Protecting a Precious Biosphere With Satellites
With a return to democracy in 2008 after decades of military rule, world interest in Myanmar is increasing. A country rich in beauty and natural resources, growing tourism and creating sustainable development is becoming a priority. DigitalGlobe satellite imagery, central to an extensive research study, is helping to raise awareness of the environment of Inle Lake, the country’s second largest freshwater lake and an important economic resource for thousands of people.
A need for sustainable development
With sixty million people, Myanmar is the world’s 24th most populous country. However, it also carries the distinction of being one of the world’s poorest and undeveloped nations. Now a democratic entity with foreign investment on the rise, sustainable development is central to improving quality of life in a country with little modern infrastructure. The Inle Lake region has been identifi ed as an area with great economic and tourist potential. Sustainable development to reverse declining environmental conditions is key to the region’s future.
“The quality of life of the residents around Inle Lake is in danger,” explains Miriam Bauer, MSC, University of Natural Resources and Life Sciences in Vienna (BOKU) and author of a thesis on the region. “The quality of the water is deteriorating rapidly, and the ongoing drying up of the lake endangers the livelihood of its people, animals, and plants.”
The lake is home to a large number of species not found anywhere else in the world.
It is hoped that the land use map created using WorldView-2 satellite imagery will enable sustainable management of this unique biosphere.
Many of the lake’s inhabitants live in houses on stilts over the water.
Floating garden agriculture has become more common on the lake.
Fish caught in the lake are a staple of the local diet.
DigitalGlobe imagery facilitates regional planning study
As a result of demo data provided by European Space Imaging, Bauer was able to procure high-resolution satellite imagery of the Inle Lake region. Combining this imagery with extensive field work, Bauer created an ArcGIS land use map of the lake itself, and real use maps of the surrounding settlements and agricultural areas.
“Without DigitalGlobe satellite imagery provided by European Space Imaging, it would not have been possible for me to conduct an extensive field research project and paper about the region,” Bauer says. “The images, combined with field work, allowed me to gain a thorough understanding and orientation of a region that had no detailed maps of the current conditions and zoning.”
Gaining insight into the land and its people
The map created by Bauer covers a digitized area of 380 square kilometers. It details the lake’s water surface area as well as three pile villages with 15 hotels built directly into the lake. The base map also covers the surrounding agricultural region to track soil erosion patterns as well as sewage flowing to the lake from primitive waste disposal systems.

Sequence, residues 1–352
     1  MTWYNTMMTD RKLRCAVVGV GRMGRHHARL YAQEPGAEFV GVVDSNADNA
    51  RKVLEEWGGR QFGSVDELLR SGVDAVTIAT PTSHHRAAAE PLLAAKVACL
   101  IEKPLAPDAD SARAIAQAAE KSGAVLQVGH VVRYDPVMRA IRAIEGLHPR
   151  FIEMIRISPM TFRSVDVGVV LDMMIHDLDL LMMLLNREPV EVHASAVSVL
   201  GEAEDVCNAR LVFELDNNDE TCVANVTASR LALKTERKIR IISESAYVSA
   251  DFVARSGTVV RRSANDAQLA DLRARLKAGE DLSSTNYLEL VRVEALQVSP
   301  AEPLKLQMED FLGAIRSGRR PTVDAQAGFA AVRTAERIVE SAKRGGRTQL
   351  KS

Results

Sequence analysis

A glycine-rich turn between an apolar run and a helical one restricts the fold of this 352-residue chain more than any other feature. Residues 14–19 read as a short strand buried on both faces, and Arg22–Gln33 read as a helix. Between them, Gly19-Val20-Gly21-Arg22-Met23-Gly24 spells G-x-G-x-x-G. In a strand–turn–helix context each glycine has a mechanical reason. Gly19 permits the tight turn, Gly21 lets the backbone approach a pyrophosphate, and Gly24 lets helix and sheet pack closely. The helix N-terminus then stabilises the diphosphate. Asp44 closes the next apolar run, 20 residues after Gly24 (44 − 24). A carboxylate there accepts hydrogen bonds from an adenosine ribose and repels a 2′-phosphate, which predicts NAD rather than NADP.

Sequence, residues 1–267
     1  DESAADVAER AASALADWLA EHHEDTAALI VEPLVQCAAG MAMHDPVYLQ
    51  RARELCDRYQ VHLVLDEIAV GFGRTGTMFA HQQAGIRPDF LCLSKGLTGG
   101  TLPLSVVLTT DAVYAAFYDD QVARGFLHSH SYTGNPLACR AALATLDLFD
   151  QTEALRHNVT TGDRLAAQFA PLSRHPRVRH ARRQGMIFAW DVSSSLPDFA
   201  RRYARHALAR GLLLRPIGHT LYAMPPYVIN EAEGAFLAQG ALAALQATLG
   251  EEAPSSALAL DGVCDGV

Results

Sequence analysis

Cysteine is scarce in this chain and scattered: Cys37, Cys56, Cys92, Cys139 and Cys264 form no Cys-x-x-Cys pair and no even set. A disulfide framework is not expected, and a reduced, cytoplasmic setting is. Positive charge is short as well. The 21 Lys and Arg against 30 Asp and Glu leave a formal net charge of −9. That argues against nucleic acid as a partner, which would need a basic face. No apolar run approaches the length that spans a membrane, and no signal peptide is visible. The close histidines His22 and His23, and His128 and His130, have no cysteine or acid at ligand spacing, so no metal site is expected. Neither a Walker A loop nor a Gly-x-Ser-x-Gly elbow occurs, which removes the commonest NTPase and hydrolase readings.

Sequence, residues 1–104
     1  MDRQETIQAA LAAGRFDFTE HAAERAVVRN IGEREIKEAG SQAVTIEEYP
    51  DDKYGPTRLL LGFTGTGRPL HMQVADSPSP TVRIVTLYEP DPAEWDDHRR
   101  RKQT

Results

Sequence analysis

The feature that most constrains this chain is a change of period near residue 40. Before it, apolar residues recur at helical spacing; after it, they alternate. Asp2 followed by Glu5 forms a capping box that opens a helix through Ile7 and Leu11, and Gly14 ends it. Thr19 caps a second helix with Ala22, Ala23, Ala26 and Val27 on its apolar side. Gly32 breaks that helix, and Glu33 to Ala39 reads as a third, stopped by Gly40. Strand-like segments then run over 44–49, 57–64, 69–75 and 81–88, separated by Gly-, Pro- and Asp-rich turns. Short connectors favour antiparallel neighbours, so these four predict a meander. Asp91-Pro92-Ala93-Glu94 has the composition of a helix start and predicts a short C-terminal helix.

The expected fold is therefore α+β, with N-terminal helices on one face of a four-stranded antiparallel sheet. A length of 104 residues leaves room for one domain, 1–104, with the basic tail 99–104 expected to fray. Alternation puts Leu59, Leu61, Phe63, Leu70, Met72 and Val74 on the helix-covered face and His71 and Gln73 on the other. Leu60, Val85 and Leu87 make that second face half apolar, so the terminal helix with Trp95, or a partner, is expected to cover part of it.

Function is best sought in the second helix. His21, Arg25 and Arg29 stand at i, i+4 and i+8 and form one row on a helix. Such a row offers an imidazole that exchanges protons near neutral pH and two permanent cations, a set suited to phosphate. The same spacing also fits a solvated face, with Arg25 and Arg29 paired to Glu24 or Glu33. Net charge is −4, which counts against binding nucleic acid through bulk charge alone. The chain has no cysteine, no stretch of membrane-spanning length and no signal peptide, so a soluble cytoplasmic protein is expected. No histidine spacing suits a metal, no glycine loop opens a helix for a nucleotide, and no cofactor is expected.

“Zoning plans of the lake and its surroundings were made on the basis of the images and through the visualization of the area it was possible to gain great insight into the everyday life and value system of the region’s residents,” Bauer explains. “The findings of the paper will hopefully be a starting point for a basis to plan more sustainable tourism development and agricultural practices.”
Creating a framework for sustainable development
The Inle Lake region has been identified as one of four potential tourism hotspots in Mynamar. Increasing tourism, along with an increasing population and rapid growth of agriculture, are taking their environmental toll. In the last 75 years the net open water area of the lake has decreased by more than 30 percent due to floating garden agriculture. In addition, untreated waste flows in the lake’s waters, and agricultural runoff flows freely into the lake due to deforestation.
Create a first-time land use map of the Myanmar’s Inle Lake, a popular tourist destination facing deteriorating water quality due to a growing population and increased agricultural production along the lake’s shores.
With high-resolution imagery provided as demo data by European Space Imaging, graduate student Miriam Bauer was able to create an ArcGIS land use map and generate case studies identifying problem areas and possible solutions.
With the cooperation of local government officials and the Ministry of Agriculture, it is hoped that the land use map will become the foundation to put stronger zoning and land use practices in place.
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